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FM Clamps Down On Tax Avoidance Via Share Buybacks

Published on Fri, Mar 01,2013 | 09:24, Updated at Sat, Mar 02 at 12:32Source : Moneycontrol.com 

By: Ameya Kunte, Taxsutra.com

"Some unlisted companies have avoided dividend distribution tax by arrangements involving buyback of shares.” With these words the Finance Minister introduced an anti-avoidance provision to tax share buy-backs. Mr. Chidambaram is proposing a Dividend Distribution Tax (DDT)-like levy on share buy-backs by unlisted companies. This “buy-back tax” is proposed at 20% (plus 10% surcharge and 3% cess).

Equity share buy-back has been one of the preferred routes for profit extraction from India (especially by MNCs). Profit distribution by a Indian subsidiary company to foreign shareholder attracts DDT @ 15%. In case of FDI, there are issues on availability of DDT credit in the home country of the non-resident investor. Accordingly, in such cases DDT paid in India becomes a cost at the MNC Group level.

Use of share buy‑back thus provided a more efficient route for profit repatriation, especially in case of investments flowing in  from favourable  treaty jurisdictions (like Mauritius, Cyprus, Singapore or Netherlands).  Due to a specific amendment made in 1999 (Sec 46A of the Income Tax Act), share buy-back is regarded as “capital gains” under the domestic law. Thus, if a favourable tax treaty allocated taxation rights on capital gains to the residence state (and not India), gains arising on a share buy-back are exempt in India. Thus, the profits made by a subsidiary can be distributed without any tax incidence in India. Further, Sec 77A of the Companies Act, 1956 provides fairly simple steps to carry out share buy-backs especially in closely held unlisted companies. Since the buy-back provisions under Company law as well as Income-Tax Act were explicit (& permissible), an application of general “anti-avoidance” doctrine would have been very difficult to apply in order to tax these transactions.

The Authority for Advance Ruling (AAR) in Armstrong World Industries Mauritius Multiconsult Ltd [TS-628-AAR-2012] allowed the benefit of India-Mauritius DTAA on a share buy-back. AAR observed that ‘mere fact that investment made through Mauritius is not sufficient to hold the transaction as tax avoidance scheme’. However, subsequently AAR in another case (applicant’s name withheld citation - [TS-196-AAR-2012]) held that a share buy-back by an Indian company with a Mauritian shareholder was a “tax avoidance” scheme. AAR held that the buy-back scheme was a 'colourable device' to avoid payment of DDT in India.  [Subsequent to this AAR ruling, IT Department is also learnt to have issued notices to a few companies who have been involved in share buy-back transactions].

The introduction of buy-back tax in Finance Bill 2013 puts to rest the controversy on whether the buy-back structure is essentially for avoiding tax. The Budget proposal (which in a way affirms the latest AAR ruling) tries to plug the tax arbitrage on distribution of profits as capital gains versus dividend. Also the way, in which this amendment is introduced in the IT Act, it will take away the alternate legal argument of claiming “holding –subsidiary exemption” which is available u/s 47 of the Income Tax Act. A transfer of assets by a 100% Indian subsidiary to its parent company enjoys capital gains exemption under the domestic law (without resorting to treaty). Thus, a view could be taken that a share buy-back between holding –subsidiary companies is covered by the exemption.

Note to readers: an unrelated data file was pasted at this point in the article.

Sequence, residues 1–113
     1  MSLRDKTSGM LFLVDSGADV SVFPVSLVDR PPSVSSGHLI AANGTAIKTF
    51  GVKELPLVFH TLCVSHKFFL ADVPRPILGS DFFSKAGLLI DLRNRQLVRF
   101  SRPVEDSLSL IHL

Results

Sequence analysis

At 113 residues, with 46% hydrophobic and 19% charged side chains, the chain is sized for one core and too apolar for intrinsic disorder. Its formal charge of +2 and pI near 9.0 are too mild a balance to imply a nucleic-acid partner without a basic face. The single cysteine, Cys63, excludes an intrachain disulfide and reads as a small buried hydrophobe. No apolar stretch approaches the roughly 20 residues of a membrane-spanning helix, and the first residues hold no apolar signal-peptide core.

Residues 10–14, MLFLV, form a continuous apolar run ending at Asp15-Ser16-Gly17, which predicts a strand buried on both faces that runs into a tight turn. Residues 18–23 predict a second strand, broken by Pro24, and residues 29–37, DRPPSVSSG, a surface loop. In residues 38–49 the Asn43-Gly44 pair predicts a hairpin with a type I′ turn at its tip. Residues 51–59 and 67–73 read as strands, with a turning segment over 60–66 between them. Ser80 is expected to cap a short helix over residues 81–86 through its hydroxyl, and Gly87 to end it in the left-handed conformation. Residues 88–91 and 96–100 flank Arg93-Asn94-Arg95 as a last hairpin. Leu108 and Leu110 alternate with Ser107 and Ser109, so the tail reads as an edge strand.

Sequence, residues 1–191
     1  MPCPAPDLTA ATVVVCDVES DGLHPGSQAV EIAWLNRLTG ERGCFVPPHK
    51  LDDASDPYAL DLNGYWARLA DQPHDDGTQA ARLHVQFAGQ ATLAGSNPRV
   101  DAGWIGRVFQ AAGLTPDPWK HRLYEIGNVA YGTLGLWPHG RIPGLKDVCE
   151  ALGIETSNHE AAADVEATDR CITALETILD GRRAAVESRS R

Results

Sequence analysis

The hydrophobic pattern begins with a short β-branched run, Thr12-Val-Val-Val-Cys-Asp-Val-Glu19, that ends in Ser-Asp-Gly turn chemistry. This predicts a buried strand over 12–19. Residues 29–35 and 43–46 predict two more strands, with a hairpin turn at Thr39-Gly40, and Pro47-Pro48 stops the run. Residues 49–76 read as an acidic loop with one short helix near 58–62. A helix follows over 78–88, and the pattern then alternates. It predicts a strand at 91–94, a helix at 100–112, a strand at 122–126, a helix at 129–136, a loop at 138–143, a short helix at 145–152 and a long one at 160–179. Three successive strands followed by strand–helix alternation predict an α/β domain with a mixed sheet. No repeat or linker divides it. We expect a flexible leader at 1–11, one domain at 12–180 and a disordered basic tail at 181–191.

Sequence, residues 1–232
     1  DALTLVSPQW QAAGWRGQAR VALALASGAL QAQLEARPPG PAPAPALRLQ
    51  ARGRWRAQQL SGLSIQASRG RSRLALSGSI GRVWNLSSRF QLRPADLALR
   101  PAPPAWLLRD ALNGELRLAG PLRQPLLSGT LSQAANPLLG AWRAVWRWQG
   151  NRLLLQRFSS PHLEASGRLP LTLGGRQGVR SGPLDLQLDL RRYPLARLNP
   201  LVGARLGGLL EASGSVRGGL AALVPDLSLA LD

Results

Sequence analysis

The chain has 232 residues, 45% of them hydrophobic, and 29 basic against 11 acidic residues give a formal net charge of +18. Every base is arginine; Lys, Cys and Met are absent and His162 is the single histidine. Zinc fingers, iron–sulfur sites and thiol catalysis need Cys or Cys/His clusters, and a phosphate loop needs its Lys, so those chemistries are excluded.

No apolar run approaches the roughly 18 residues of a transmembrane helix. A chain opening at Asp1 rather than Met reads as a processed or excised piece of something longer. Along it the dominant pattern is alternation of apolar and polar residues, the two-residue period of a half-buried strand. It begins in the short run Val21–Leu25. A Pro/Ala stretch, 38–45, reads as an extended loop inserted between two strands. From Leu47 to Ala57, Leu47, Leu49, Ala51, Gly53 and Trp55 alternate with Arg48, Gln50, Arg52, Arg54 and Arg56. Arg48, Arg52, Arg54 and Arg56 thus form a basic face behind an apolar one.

The buy-back tax [introduced under a new Chapter XII-DA under Income Tax Act] is applicable on the “distributed income” by an unlisted company which means ‘the consideration paid by the company on buy-back of shares as reduced by the amount which was received by the company for issue of such shares’. The Budget proposals [new section 115QA] state that the tax on the distributed income by the company shall be treated as final payment of tax and no further credit shall be claimed by the company or by the shareholder. The shareholder is exempt from tax on income from buy-back and the company is not entitled to claim tax paid as a deduction. The tax is payable within 14 days from the date of payment of consideration to the shareholder.

Like DDT, there will be a question mark regarding the availability of credit in the hands of the shareholder on the buy-back tax paid by Indian company. Treaties normally allow tax credit (subject to domestic law provisions in home country) on the tax levied on the income recipient in source country (eg: India). In the case of a buy-back, the tax will be levied on the Indian company and the shareholder would be fully exempt. Thus, absent tax credit, buy-back tax (like DDT) would be a cost at the Group level for MNCs.

For domestic shareholders of unlisted companies, the proposed amendment would be neutral as the share buy-back is any way taxable @ 20% (as long term capital gain). These provisions (once enacted) would be applicable from June 1st, 2013, thus providing a window of next 3 months!

Tax on share-buy-back coupled with increase in tax rates for royalty/FTS clearly suggests FM’s intention to tax MNCs on profits from Indian activities and clamp down on legally permissible tax planning devices.

 
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